When Edward Mead Johnson Sr.’s oldest son Ted was not expected to survive infancy because of a heart condition, the family consulted Dr. Abraham Jacobi, recognized today as the father of pediatrics, who prescribed a mixture that was yet to be commercially produced. Ted thrived on what would later become Dextri-Maltose, a specialty carbohydrate powder designed to be mixed with milk and Mead Johnson & Company’s first major product.
On the banks of the Ohio River in Evansville at a once-bustling cotton mill that had sat vacant for five years, Edward Mead Johnson Sr. found a new home for his New Jersey business in 1915 after the potato starch used to make Dextri-Maltose could no longer be imported from Germany because of World War I. Evansville’s location allowed for an abundant supply of corn, an alternative source of carbohydrate, rail access, affordable utilities, and a willing workforce. Today in Evansville, Mead Johnson Nutrition sits on 52 acres, occupies 47 buildings, employs nearly 1,000 people, and impacts the lives of millions of children and mothers around the world. This year, the company celebrates its centennial anniversary in the River City.
“When I was young, I walked past Mead Johnson every day going to and from school — first Centennial Grade School and then Reitz High — and always wanted to work here,” says Norwanda Macke of Evansville, who has been a Mead Johnson employee for 44 years. “The company was so well respected and being employed here opened a lot of doors for you. I’ve been with the company 44 years now and am proud of the part I’ve had in nourishing babies around the world.”
Over the last century in Evansville, Mead Johnson, which was founded on Nov. 29, 1905, in Jersey City, New Jersey, has transformed from a small business into a Global Operations Center supporting the company’s locations around the world in North America, Latin America, Europe, and Asia-Pacific. The Evansville site produces more than 140 different formulations and ships them to more than 30 countries. These products are designed for preterm, low birth weight babies; term infants; children; and those born with allergies or metabolic disorders. Although today Mead Johnson is an international success, the company had humble beginnings.
After moving to Evansville in 1915, it took almost a year of renovation before the company began producing Dextri-Maltose the following spring. Mechanical problems and startup costs made the first few years difficult but by 1920, the business was poised once again for growth. A year later, Johnson’s three sons each helped operate the company, including Lambert, his second son, who had developed the process for making Dextri-Maltose and also readied the Evansville facility for production.
Because scientific breakthroughs in milk-based products were happening quickly in the U.S., Mead Johnson & Company, a forerunner in modern infant formula, worked to deconstruct cow milk and recombine it with other nutrients to create an appropriate infant feeding product. To further its milk-based production capabilities, the company purchased a cream cheese factory in the heart of dairy country in Zeeland, Michigan in 1924.
During the next decade, Mead Johnson went through a series of changes with the death of Johnson’s oldest son Ted at 42, succumbing to the heart condition he had been born with.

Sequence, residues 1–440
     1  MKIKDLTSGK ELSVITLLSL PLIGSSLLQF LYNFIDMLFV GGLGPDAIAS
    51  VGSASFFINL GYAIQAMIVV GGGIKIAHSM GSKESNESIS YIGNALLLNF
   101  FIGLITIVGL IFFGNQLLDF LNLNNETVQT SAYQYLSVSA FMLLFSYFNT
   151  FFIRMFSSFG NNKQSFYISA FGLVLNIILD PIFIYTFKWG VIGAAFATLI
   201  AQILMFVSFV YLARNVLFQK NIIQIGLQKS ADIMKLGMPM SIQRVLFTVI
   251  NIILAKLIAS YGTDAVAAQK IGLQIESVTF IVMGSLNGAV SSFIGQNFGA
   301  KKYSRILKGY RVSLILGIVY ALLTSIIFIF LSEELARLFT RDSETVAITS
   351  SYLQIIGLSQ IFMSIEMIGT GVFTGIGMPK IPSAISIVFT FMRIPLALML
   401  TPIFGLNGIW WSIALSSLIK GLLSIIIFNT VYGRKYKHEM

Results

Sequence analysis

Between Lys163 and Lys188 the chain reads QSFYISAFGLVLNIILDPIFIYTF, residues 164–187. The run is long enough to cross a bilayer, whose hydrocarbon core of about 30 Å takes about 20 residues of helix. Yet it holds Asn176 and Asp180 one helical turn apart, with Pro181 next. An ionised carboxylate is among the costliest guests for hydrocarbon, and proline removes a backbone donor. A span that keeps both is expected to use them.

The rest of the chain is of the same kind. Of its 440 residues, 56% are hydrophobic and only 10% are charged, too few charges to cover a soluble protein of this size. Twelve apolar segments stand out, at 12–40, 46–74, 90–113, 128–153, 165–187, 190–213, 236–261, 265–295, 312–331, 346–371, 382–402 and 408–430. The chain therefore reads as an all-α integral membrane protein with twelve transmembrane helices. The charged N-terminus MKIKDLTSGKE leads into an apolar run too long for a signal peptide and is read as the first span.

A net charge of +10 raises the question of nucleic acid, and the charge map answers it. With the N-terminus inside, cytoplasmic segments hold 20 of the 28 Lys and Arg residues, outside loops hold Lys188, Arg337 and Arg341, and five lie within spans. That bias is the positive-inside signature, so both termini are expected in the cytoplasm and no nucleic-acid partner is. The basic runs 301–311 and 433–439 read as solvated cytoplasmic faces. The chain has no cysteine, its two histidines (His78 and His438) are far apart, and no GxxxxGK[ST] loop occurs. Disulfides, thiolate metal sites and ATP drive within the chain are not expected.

Four years after Ted’s death, Johnson died suddenly of a heart attack at 81. Lambert took over as president in 1934. He would serve as president for 21 years until 1955 when he retired and passed away a few months later. Lambert’s nephew Daniel Mead Johnson became the third generation of his family to serve as CEO and held the reins when the company introduced its most well-known product — Enfamil.
Enfamil, introduced in 1959, was Mead Johnson’s first successful routine infant formula patterned after the nutritional composition of human milk. Today, “Enfa” is the world’s leading brand franchise in pediatric nutrition. In 1967, Bristol-Myers Company acquired Mead Johnson. The two companies would later separate in 2009 and today, Mead Johnson is again a fully independent company.
The enhancements to Mead Johnson’s Enfa products occur every day as scientists work to learn more about nutrition needed for both mothers and infants. The Mead Johnson Pediatric Nutrition Institute, a 43,000-square-foot building located in Evansville, is a $26 million facility built in 2010 and allows scientific technology and research to be paired with manufacturing, making product development more efficient. Evansville’s technology center is one of four around the world; the other three are in Mexico, Singapore, and China.
“Experts agree that good nutrition early in life supports lifelong health, so our greatest accomplishment has been the creation of more than 50 high-quality, science-based feeding products that have made such a positive difference in the nutrition, health, and development of millions of infants and children around the world,” says Carol Lynn Berseth, MD, director of Global Clinical Innovation at Mead Johnson. “Included among those are our 17 specialty metabolic products that address a variety of dietary conditions and diseases and save lives every day. We know that most mothers use formula at some stage of their children’s lives, and we are honored to have earned their trust.”
Over the past four decades, Mead Johnson has conducted more than 500 studies on various aspects of infant nutrition and development. Shay Phillips, Ph.D., associate director of analytical sciences at the Mead Johnson Pediatric Nutrition Institute, helps research and develop methods that are used to test the company’s products. Other research focuses on human milk as part of the Global Exploration of Human Milk (GEHM) Study, a collaborative effort between Mead Johnson and the Cincinnati Children’s Hospital Medical Center. The study examines data from breastfeeding mother-infant pairs in the U.S., China, and Mexico.